Run for your lives! The Dow Jones Industrial Average (DJINDICES:^DJI) is down more than 100 points after Republican lawmakers in Washington failed to pass an alternative to the fiscal cliff last night. As a headline from The Wall Street Journal put it: "Political Disarray Hits U.S. Stocks."
I'm just kidding, of course. The reality is that very little has changed between last night and today. Think about it: Even if our "representatives" in Washington do reach a compromise, in all practicality, that won't altogether avert a sort of fiscal cliff, as an agreement will necessarily encompass both tax rate increases and spending cuts.
The point I'm trying to make is that investors should look beyond the hysteria. If you want something to focus on today, try this: according to the U.S. Department of Commerce, personal-consumption expenditures rose 0.4% last month, and orders for long-lasting manufactured goods -- so-called "durable goods" -- increased by 0.7%, the sixth increase in seven months.
But, of course, the fact that durable-goods sales -- an extremely important leading economic indicator -- increased last month doesn't make for a very provocative headline.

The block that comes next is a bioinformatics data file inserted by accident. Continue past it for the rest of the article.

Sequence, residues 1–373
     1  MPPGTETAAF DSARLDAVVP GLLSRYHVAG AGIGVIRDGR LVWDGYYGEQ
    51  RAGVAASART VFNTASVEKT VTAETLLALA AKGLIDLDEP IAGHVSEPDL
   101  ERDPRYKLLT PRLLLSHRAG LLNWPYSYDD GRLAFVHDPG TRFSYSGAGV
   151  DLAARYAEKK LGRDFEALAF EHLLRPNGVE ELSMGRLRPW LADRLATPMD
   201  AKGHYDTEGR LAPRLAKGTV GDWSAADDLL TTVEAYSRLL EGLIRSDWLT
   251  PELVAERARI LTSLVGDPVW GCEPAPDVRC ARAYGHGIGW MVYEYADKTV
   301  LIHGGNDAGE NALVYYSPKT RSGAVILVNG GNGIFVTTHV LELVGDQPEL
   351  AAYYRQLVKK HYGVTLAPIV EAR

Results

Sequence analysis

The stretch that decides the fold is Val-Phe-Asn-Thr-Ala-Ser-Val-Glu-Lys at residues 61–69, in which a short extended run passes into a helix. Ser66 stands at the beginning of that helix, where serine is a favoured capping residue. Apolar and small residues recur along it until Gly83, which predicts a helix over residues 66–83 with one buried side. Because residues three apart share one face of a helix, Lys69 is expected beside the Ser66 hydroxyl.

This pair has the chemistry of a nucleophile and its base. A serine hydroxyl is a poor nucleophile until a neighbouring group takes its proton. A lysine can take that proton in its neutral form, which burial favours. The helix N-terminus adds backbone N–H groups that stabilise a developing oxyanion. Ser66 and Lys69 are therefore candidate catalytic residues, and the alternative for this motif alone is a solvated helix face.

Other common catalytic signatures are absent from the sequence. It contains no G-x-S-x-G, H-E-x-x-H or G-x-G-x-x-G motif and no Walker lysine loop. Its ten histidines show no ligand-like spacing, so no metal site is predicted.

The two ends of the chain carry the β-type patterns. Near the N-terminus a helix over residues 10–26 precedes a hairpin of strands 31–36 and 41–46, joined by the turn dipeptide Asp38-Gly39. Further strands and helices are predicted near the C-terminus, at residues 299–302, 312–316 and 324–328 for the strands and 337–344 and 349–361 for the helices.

So what about the Dow's triple-digit decline today? Shake it off. Ignore it. And allow me put this in perspective: On the last trading day of 2011, the Dow closed at 12,217; today, it's at 13,165. Unless my math is wrong, that's a 7.8% increase. And if you add in dividends -- the blue-chip index is yielding 2.61% -- that equates to a 10.4% return. Not bad by any stretch of the imagination!
And the same analysis holds true for many of today's biggest laggards. The financials provide a textbook example, as Bank of America (NYSE:BAC), Citigroup (NYSE:C), and JPMorgan Chase (NYSE:JPM) are down by 2%, 1.9%, and 1.1%, respectively. But for the year, they've made respective gains of 108%, 62%, and 49%. In other words, if anything, many stocks are just taking a much-needed breather today.
In his widely heralded book The Signal and the Noise, noted statistician Nate Silver distinguished between, well, the signal and the noise: "The signal is the truth. The noise is what distracts us from the truth." Investors would be wise to acknowledge this distinction today and ignore the largely meaningless noise emanating from Washington.
John Maxfield owns shares of Bank of America. The Motley Fool owns shares of Bank of America, Citigroup Inc, and JPMorgan Chase & Co. Try any of our Foolish newsletter services free for 30 days. We Fools may not all hold the same opinions, but we all believe that considering a diverse range of insights makes us better investors. The Motley Fool has a disclosure policy.